The editors of the Albuquerque Journal recently turned their venom on Kathy Korte and Martin Esquivel, two Albuquerque Public School board members whom the Journal editors typically support.
Why the change?
Korte and Esquivel spoke out against the A-F grading system forced on school districts across New Mexico by Governor Susana Martinez and her Education Secretary designate, Hanna Skandera.
Skandera is currently at the center of a scandal over misusing government resources and personnel to benefit Jay McCleskey, who runs Governor Martinez’s political action committee (Susana PAC).
Korte and Esquivel were right to speak out. The A-F grading system is so complicated that Skandera’s own staff can’t explain how it works, to parents or anyone else.
It brands entire schools as failures, mostly in economically depressed areas, based primarily on standardized test scores. These neighborhoods will only remain economically depressed, as families choose not to purchase homes in school districts branded with an “F.”
The A-F system lumps all teachers and all students together in weighing heavily on teacher evaluations. There is no regard for each teacher’s strengths and weaknesses. There is also no regard for each student’s strengths and weaknesses. The standardized test scores are nearly all that matters in judging performance..
Most importantly, the A-F system does nothing to improve education.
So what does the A-F system do? Over time, it will shut down neighborhood schools.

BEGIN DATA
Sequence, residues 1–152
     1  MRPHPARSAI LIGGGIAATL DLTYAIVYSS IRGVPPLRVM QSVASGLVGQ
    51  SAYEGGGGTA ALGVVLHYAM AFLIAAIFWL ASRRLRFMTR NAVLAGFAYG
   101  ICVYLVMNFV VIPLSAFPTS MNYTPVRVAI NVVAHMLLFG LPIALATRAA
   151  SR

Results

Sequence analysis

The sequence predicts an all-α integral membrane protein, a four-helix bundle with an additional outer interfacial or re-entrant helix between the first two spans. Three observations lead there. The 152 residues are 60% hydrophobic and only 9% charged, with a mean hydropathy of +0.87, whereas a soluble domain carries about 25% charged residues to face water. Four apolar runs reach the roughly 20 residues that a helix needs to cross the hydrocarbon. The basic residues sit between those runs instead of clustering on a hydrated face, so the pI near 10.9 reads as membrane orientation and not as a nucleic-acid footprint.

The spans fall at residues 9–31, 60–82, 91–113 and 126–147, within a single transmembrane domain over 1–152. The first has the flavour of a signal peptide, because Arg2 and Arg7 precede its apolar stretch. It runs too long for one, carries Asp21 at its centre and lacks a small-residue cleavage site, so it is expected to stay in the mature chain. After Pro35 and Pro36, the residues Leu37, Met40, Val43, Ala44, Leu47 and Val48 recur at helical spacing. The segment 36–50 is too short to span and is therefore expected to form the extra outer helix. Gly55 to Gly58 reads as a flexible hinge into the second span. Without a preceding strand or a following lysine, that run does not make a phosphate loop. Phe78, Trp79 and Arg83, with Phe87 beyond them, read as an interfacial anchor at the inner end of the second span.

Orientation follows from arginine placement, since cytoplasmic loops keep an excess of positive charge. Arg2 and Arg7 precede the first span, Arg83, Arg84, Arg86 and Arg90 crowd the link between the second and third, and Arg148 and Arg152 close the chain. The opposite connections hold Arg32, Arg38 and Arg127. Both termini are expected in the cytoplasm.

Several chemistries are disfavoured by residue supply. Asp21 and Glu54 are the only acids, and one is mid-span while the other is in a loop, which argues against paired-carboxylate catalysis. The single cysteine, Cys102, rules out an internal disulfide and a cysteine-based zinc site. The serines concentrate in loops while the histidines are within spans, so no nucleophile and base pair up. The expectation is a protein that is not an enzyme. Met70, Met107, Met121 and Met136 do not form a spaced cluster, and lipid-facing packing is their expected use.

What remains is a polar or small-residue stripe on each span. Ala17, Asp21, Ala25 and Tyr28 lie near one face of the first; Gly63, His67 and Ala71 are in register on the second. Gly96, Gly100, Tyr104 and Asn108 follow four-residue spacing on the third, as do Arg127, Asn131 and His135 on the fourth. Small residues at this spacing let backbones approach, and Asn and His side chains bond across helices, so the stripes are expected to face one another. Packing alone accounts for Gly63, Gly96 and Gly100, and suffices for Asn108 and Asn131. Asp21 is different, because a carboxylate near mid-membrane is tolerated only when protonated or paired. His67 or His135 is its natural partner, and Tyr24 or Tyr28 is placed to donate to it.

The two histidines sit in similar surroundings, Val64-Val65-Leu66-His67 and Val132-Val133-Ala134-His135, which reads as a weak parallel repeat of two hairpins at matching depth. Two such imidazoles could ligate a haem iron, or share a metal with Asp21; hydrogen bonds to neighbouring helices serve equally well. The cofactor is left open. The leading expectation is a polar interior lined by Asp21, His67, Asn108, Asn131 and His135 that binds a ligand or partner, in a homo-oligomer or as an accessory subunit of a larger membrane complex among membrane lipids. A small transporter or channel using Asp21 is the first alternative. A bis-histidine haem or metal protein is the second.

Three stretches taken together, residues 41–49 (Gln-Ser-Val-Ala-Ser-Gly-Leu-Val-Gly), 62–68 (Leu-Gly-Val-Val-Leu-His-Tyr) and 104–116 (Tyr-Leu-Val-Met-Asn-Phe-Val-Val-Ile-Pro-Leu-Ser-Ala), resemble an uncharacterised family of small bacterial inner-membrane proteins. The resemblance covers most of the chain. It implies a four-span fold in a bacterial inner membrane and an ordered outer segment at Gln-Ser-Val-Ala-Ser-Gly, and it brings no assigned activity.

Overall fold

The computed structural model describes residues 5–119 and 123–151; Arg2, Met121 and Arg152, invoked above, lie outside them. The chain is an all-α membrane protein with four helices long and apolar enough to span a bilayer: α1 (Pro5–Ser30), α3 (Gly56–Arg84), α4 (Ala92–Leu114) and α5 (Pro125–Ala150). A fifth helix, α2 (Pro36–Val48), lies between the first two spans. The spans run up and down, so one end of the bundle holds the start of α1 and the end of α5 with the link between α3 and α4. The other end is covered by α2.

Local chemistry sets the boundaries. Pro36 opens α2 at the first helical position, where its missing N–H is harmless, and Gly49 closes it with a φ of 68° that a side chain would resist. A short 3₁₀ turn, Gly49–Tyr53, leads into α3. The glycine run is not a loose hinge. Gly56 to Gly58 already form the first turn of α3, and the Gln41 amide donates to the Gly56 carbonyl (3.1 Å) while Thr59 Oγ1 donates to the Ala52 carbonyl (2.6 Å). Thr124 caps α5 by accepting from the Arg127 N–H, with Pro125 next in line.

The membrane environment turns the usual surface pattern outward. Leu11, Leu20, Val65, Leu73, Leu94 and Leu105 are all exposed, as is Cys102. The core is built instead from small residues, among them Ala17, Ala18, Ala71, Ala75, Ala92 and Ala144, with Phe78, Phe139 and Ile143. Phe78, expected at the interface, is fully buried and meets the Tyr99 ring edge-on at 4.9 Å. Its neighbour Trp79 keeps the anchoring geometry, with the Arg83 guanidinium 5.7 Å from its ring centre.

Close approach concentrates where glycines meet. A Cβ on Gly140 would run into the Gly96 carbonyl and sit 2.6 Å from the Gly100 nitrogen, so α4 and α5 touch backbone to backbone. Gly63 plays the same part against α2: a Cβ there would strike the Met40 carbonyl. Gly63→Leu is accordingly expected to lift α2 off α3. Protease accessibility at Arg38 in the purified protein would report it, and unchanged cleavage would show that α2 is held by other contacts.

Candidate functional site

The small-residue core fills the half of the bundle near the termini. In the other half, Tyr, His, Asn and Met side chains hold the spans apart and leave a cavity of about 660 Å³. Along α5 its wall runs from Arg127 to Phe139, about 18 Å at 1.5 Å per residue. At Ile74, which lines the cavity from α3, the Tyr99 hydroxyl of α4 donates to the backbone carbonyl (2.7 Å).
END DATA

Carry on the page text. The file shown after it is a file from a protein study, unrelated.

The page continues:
When neighborhood schools are shut down, Martinez and Skandera with then be able to funnel the thousands of dollars the state spends per child each year to out-of-state corporations based in Virginia and New York, instead of to local schools.
Virtual learning and testing companies that contributed to Martinez’s campaign are the main beneficiaries of Martinez and Skandera’s A-F grading system.
Teachers, custodians, secretaries, school nurses, and lunch ladies—everyone who works at the local schools— all are at risk of losing their jobs in order to enrich these out-of-state corporations. So what happens to the neighborhoods that rely on the salaries of local school employees to buy cars, houses, and groceries?
Fewer people will be able to build and sell houses, sell cars, work in grocery stores, drive delivery trucks, or fill other essential roles within a functioning community.
New Mexico’s flailing economy will become further depressed, while Virginia and New York thrive off our kids.
Kudos to Korte and Esquivel for standing with the local community, and shame on the Journal editors for embracing the destruction of New Mexico’s economy just to prop up Martinez and Skandera.